Iraq politics, Beirut style

Iraqi new parliament members argue during the first session of the new parliament in the heavily fortified Green Zone in Baghdad, Iraq, Tuesday, July 1, 2014. (AP Photo/Hadi Mizban)

While many have warned of the “Iraqization” of Lebanon for years, what with the increase in car bombings and suicide vests, Baghdad should now be wary of turning into a Beirut, as the parliament, tasked with electing a new government, failed to meet its quorum Tuesday.

As initial election results emerged before the current crisis began, Prime Minister Nouri al-Maliki was confident of reaching a consensus, having secured the largest number of seats. But with the apparent Sunni and Kurdish boycott of parliament, and opposition from all sides, including many Shiite groups, Maliki appears to face an uphill battle.

The U.S. and Iran, while keen to see Maliki out of power, are unsure of how to go about this, or how far to go in applying pressure on him to go. Both have stressed the need for an inclusive government and a political solution, but both are ready and poised to intervene militarily.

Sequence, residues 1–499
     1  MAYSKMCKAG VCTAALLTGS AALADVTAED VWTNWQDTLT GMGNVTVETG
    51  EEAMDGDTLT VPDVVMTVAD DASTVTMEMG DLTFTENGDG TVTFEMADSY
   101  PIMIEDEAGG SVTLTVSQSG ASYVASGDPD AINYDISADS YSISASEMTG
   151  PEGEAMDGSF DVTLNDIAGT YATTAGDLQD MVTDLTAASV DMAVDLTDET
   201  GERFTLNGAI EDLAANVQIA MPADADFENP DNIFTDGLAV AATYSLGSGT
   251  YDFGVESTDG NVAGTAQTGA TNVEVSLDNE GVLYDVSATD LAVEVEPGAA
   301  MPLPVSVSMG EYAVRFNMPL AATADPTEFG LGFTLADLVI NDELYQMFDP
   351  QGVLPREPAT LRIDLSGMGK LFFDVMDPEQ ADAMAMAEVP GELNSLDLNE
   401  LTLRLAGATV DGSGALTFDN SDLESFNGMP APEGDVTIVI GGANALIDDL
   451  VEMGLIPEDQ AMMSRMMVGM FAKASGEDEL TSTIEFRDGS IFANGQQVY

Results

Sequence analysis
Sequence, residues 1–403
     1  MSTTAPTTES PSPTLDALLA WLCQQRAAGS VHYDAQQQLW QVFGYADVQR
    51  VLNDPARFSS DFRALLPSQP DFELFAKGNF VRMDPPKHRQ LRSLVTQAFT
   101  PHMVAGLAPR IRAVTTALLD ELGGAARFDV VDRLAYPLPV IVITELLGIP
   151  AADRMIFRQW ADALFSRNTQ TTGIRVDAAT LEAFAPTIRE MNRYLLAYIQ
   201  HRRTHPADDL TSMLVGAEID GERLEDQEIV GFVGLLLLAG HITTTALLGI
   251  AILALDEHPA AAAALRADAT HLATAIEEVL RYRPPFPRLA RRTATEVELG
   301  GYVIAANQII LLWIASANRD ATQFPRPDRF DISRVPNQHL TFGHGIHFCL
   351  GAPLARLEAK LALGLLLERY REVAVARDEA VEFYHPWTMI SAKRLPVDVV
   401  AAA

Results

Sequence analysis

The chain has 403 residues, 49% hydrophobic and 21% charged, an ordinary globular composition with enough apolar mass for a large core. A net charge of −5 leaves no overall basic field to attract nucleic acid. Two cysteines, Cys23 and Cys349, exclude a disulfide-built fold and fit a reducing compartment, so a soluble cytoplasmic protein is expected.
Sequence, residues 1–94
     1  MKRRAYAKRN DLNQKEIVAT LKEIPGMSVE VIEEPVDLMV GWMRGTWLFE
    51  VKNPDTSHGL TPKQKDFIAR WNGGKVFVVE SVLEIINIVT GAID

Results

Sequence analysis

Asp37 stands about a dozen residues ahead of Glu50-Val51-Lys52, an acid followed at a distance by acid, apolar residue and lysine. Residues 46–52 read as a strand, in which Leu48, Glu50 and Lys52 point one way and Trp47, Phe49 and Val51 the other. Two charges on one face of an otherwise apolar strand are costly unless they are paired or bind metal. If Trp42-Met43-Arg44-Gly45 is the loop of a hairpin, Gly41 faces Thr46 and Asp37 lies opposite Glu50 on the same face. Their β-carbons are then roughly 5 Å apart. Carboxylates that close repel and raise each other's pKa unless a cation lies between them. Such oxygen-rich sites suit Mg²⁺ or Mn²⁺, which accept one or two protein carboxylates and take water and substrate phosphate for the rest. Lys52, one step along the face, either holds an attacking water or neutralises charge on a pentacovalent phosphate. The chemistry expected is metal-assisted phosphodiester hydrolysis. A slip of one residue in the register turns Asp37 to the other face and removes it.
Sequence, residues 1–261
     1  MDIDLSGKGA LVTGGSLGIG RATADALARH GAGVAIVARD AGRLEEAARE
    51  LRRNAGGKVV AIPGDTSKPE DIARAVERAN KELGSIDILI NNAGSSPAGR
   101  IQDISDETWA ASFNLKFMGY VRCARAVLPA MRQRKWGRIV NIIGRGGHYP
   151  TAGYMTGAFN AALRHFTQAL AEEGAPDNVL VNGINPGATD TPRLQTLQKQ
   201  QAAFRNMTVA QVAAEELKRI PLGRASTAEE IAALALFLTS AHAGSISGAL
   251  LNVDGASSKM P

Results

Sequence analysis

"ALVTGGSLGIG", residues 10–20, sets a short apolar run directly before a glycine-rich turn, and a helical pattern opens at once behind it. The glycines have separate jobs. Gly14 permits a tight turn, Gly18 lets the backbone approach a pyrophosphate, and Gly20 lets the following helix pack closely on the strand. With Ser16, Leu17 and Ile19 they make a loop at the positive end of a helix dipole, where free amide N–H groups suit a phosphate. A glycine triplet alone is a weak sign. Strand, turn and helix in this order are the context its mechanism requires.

It appears none of these powers have learnt anything from the Syrian catastrophe. There too, the obstinacy of one man has led to the destruction of an entire country, and the loss of over 160,000 lives. In the month of June alone, nearly 2,000 people have died in Iraq. Once again we have words, words and more words from the U.N., while the Iraqi people suffer, their homes and lives torn apart as the big powers ravage the country for their own ends.

Until a genuine unity government is formed, with Sunnis’ legitimate grievances addressed and Maliki’s mistakes accounted for, the bloodshed will continue.

A version of this article appeared in the print edition of The Daily Star on July 02, 2014, on page 7.




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